But, he added, as President Trump entered office, some oil refiners also began to involve themselves in fighting auto-efficiency regulations. In 2018, the New York Times uncovered lobbying efforts by oil companies and the Koch network.
“The oil industry’s campaign, the details of which have not been previously reported, illuminates why the rollbacks have gone further than the more modest changes automakers originally lobbied for,” the New York Times reported, describing fuel-economy lobbying by the nation’s largest oil refiner, Marathon Petroleum, and by oil trade groups.
“‘With oil scarcity no longer a concern,’ Americans should be given a ‘choice in vehicles that best fit their needs,’ read a draft of a letter that Marathon helped to circulate to members of Congress,” the Times found. “Nineteen lawmakers from the delegations of Indiana, West Virginia, and Pennsylvania sent letters to the Transportation Department that included exact phrases and reasoning from the industry letter.”
A number of organizations with ties to the Koch network also joined in lobbying to weaken clean car standards, as DeSmog previously reported. In March 2018, representatives from 11 groups, including the Competitive Enterprise Institute (CEI), the 60 Plus Association, Frontiers of Freedom, and the Taxpayers Protection Alliance (TPA) asked EPA Administrator Scott Pruitt to prevent California from setting its own fuel-efficiency standards.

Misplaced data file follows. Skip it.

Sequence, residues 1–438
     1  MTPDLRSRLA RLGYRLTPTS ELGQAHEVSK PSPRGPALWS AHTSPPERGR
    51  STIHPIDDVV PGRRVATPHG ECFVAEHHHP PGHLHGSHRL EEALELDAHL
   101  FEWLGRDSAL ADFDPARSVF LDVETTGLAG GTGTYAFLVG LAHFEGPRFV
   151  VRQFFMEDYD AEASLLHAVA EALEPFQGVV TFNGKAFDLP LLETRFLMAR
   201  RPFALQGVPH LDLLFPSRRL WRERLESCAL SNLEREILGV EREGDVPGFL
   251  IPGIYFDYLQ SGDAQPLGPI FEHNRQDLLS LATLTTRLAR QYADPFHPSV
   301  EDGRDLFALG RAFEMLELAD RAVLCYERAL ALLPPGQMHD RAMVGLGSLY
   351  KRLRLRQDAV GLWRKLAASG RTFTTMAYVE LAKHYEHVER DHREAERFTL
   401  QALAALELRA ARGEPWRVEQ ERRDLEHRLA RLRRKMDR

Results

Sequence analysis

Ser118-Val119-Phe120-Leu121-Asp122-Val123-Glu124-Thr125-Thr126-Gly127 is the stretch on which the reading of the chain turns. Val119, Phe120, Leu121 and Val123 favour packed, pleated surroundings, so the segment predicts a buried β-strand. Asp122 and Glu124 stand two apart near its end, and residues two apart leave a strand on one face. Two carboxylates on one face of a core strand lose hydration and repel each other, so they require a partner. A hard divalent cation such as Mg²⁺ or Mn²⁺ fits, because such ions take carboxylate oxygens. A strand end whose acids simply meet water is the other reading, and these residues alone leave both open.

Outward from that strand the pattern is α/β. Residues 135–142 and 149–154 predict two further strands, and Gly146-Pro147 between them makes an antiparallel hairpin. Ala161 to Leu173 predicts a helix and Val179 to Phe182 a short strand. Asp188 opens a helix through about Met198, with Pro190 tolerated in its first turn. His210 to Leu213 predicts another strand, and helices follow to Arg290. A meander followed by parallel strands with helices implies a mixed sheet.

The subsequent Trump rollbacks (which reduced plans for fleetwide averages to hit roughly 55 MPG by 2025 to about 40 MPG by 2026) had significant impacts, said Tonachel. “It was a huge setback in terms of the innovation signal to the market and the opportunity for consumers to have access to cleaner, more efficient vehicles,” he said. “It cost consumers money at the pump as well as putting us in reverse in terms of addressing climate change.”
Over the past year, the Biden administration began unwinding moves made by President Trump to loosen fuel-economy standards. “We’re now headed back in the right direction,” said Tonachel, adding that the administration’s goal of having 50% of car sales be zero emission vehicles by 2030 is “actually the minimum of what we should be doing.”
Nonetheless, the Trump-era rollbacks have continued to echo. Not only did they impact cars on the road today, Becker noted, they were also used by auto lobbyists to argue for weaker standards in California, whose authority to regulate car emissions was recently restored.
The notion of oil abundance was never a good reason to loosen fuel standards, efficiency advocates said.
“Even if there’s an abundance of fossil fuels, if we burn it, we’re burning the planet,” Tonachel said. “There’s no basis to burn more of it when we’re in a climate crisis.”
Electrifying the future
Gas prices, of course, deeply affect the ways that potential car buyers think about fuel efficiency. A widely cited 2018 report by Cox Automotive highlighted $4 a gallon as a “tipping point” for consumer demand for hybrids and sedans.